Table 4 gives the authors’ estimate of the CO2 storage capacity in selected sedimentary basins in Indonesia, Malaysia, and Thailand, based on published research. In these basins alone, there is a mid-CO2 storage capacity of 465 Gt. A total of 98% of this capacity resides in saline aquifers, 2% in gas fields, and less than 1% in oil fields. These basins can store 282 years of CO2 emission from all ASEAN countries (1.65 Gtpa in 2020).

5.4.2. First-Mover CCS Projects across ASEAN

Table 5 shows the six first mover CCS projects proposed by the authors, based on the results of CO2 source-sink exercises [3,7,8,9,61]. These projects involve Singapore, Indonesia, Malaysia, and Thailand. Each CO2 source in each project emits 10 Mtpa or higher. However, not all of this is captured. All in-country CO2 source-sink distances are 250 km or less, over which CO2 can be transported by pipelines. The first three projects involve a cross-border shipment of CO2 from Singapore to Indonesia or Malaysia over a distance between 250 and 890 km, either by pipelines or by ships. The last three projects are in-country projects in Thailand. If all these projects are implemented, they have the potential to capture and store up to 300 Mtpa CO2 from these four countries.
Among all the CCS projects shown in Table 5, the Arun gas condensate field is the largest onshore gas field, with an in-place volume of 17 Tcf gas and 840 million bbl of condensate [62]. Minas is the largest oil field in ASEAN, with an OOIP of 9 billion bbl of 36oAPI light crude [63,64]. They are both in the mature stage and ready for CCS. The Arun gas condensate field and Minas oil field are the most promising candidates to perform a large-scale CCS project in ASEAN. Detailed reservoir simulations and a site-specific economic evaluation are needed for field development planning.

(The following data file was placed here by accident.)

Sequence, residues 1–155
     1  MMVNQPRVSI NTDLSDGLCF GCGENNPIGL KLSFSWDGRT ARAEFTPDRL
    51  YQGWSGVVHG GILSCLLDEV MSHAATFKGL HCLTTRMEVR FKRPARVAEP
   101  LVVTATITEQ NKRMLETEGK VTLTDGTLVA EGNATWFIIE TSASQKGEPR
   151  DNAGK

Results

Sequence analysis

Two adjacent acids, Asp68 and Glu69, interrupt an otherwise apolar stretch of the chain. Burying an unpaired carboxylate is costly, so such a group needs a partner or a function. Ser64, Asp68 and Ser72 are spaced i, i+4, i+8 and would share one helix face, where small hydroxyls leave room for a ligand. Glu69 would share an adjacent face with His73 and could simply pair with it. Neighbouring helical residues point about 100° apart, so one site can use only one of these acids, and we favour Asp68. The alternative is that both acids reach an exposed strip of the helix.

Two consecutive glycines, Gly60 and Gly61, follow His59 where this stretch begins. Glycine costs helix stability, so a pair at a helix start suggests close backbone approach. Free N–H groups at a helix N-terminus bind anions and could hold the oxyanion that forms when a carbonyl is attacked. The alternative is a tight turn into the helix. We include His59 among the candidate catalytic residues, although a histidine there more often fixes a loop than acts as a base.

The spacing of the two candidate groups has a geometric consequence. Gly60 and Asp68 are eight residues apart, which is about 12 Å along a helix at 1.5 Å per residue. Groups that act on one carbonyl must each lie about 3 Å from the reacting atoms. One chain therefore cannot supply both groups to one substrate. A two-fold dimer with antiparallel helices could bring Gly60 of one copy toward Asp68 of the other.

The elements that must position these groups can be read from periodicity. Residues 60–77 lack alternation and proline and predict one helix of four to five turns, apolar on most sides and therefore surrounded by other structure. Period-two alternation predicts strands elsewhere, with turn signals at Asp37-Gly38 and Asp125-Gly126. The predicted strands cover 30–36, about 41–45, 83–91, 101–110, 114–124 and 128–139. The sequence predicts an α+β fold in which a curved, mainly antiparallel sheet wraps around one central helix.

5.5. Sustainability Rating of Decarbonizing Technologies

In this section, a sustainability rating for various decarbonization technologies is proposed. Table 6 rates the various decarbonization technologies with respect to five categories: (1) CO2 emission, (2) material footprint, (3) impact on people, (4) impact on animals, and (5) impact on environment. This is only a qualitative rating. However, technologies rated as having a high impact on any one of these five attributes are currently not sustainable and would need further mitigation measures before they should be applied at scale. However, no technology is completely without sustainability issues. Before their application to individual ASEAN countries, a technology mapping exercise should be conducted to determine the readiness and impact of each technology [7,8].